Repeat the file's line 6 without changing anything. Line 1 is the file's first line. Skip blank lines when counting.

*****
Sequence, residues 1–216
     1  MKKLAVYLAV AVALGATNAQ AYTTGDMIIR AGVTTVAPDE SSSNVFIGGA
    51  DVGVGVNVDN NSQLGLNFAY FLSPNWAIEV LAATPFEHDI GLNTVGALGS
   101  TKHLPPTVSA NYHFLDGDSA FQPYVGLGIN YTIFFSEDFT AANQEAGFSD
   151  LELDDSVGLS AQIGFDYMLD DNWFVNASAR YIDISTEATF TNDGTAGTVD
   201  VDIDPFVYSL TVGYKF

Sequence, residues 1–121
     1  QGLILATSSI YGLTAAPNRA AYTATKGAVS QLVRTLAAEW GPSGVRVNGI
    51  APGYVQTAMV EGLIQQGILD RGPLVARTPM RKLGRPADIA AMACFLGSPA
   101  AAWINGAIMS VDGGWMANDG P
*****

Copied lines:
   201  VDIDPFVYSL TVGYKF